What Is the Right Price for Carbon Emissions?
This article in Regulation Magazine (Vol. 36, No. 2) notes that concern over climate is growing. Policymakers face a difficult question: How much should society spend today to protect future generations against the unknown risks emissions create? Two issues make determining the appropriate price of carbon emissions a particularly difficult question for economists. First, the unusually long time before environmental damages are expected to be realized makes them difficult to value today. Second, the potential for a low-probability, high-damage scenario to occur is fundamentally uncertain.
There is no disagreement among economists on the benefits of pricing carbon emissions. Prices create the appropriate incentives for producers and consumers to reduce emissions and shift them to higher-value uses. They do this by internalizing the externality of future damages created by economic activities that produce emissions. Relying on prices to allocate scarce resources is vastly superior to the command-and-control approaches of current policies, which rely on public subsidies and mandates to use particular alternatives to fossil fuels.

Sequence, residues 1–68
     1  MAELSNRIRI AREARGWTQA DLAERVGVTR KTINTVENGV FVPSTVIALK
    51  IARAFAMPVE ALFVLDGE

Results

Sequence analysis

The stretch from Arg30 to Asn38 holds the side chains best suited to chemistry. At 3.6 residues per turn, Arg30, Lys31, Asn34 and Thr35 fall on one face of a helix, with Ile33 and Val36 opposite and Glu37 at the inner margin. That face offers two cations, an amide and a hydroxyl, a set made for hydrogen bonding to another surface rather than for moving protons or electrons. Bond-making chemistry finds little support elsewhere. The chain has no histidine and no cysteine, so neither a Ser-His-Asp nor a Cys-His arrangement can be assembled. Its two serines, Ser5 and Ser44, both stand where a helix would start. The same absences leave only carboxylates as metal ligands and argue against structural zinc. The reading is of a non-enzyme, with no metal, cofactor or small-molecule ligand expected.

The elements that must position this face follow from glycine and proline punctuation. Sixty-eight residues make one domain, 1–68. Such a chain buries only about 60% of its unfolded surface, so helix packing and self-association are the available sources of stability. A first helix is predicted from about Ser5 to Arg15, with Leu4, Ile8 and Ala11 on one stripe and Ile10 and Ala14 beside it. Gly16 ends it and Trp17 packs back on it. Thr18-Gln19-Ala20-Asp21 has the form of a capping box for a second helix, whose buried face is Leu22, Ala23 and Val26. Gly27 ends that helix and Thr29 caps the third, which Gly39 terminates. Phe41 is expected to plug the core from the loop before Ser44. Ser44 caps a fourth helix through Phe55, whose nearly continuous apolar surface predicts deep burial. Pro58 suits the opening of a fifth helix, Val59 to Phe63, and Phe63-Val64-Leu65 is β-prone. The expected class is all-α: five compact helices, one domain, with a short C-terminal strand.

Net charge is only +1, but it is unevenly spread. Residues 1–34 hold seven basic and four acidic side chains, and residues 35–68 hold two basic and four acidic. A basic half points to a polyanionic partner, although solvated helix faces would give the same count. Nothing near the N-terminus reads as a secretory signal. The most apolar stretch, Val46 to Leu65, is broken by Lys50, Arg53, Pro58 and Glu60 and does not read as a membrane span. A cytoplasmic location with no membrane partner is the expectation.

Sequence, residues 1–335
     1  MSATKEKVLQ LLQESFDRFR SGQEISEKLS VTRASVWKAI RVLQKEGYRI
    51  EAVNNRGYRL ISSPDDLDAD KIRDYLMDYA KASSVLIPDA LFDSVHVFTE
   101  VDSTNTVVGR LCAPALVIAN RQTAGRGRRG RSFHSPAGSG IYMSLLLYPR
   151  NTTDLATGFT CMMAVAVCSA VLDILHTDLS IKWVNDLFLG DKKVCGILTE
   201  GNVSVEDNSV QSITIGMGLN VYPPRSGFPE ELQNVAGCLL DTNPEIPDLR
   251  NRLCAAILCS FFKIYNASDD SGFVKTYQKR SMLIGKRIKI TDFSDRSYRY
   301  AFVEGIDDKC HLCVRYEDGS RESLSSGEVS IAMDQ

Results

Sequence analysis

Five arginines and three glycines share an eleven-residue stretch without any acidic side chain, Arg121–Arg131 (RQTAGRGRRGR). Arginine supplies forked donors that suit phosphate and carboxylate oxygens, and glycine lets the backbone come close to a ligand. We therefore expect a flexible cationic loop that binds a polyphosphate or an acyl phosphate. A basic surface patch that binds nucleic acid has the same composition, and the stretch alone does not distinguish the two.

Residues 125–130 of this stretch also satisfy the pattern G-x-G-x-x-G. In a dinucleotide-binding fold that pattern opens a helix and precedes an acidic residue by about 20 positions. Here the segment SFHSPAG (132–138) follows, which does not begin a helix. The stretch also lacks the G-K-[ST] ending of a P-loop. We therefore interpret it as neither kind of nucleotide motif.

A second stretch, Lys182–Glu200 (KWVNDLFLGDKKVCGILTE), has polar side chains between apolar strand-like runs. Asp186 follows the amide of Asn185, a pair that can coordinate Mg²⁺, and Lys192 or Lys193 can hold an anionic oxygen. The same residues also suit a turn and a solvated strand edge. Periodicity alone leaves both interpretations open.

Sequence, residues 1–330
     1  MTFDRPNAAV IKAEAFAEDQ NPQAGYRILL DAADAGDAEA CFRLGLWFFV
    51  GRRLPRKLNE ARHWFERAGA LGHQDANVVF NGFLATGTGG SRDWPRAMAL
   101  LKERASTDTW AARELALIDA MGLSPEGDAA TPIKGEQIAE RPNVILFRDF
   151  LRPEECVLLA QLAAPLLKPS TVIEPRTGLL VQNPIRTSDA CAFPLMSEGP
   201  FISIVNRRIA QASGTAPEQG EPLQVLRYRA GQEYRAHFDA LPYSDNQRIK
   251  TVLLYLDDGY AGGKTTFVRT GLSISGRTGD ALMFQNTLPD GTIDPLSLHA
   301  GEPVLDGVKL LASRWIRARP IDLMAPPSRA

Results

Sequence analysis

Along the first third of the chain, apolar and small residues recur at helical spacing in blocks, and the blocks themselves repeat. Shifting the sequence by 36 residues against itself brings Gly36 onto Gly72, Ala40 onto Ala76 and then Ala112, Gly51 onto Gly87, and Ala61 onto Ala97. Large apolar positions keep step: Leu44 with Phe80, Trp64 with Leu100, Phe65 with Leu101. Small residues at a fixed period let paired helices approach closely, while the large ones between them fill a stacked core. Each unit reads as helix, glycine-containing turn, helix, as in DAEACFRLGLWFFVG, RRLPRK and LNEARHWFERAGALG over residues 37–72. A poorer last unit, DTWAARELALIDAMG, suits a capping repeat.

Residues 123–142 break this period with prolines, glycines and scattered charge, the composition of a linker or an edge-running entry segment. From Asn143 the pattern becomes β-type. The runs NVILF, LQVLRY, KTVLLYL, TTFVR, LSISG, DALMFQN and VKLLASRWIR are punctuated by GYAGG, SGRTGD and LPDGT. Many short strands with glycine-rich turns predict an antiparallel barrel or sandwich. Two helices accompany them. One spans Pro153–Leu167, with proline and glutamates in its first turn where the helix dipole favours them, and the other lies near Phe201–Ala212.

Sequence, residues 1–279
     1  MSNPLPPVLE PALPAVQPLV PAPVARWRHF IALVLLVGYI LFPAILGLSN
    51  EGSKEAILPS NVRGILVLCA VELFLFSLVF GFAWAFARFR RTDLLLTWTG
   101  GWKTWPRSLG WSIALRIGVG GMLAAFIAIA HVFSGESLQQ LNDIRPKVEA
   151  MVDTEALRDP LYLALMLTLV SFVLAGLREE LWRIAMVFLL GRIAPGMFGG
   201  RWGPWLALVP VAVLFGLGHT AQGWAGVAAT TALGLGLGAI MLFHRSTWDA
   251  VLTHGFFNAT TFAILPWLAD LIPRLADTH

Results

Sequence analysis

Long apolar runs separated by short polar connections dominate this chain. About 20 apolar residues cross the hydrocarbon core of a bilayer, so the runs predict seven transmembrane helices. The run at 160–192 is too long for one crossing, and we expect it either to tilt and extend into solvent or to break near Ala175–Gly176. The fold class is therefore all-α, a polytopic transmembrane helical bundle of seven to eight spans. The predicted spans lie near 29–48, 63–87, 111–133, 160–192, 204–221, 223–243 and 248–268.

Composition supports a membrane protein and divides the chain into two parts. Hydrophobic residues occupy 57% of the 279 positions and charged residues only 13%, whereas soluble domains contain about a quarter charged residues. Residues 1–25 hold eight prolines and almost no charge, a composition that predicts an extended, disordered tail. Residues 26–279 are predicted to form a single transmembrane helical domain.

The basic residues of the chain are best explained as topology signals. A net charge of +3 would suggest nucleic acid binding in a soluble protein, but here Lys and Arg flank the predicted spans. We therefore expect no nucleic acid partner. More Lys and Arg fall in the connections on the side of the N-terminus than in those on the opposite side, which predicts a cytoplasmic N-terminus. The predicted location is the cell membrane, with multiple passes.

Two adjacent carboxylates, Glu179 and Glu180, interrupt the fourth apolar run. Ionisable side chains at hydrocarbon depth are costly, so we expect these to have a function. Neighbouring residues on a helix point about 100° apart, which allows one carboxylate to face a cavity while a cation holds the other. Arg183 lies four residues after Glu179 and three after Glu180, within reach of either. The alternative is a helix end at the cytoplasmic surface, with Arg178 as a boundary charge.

What is the correct tax on emissions? The views range from $5 per ton of carbon dioxide at the low end (around 4 cents per gallon of gas) to over $100 per ton (as much as $1 per gallon). The current consensus of economists is at the low end of this wide range.
The big question is what Is the Right Price for Carbon Emissions?
Bob Litterman is a partner at Kepos Capital, a New York–based hedge fund.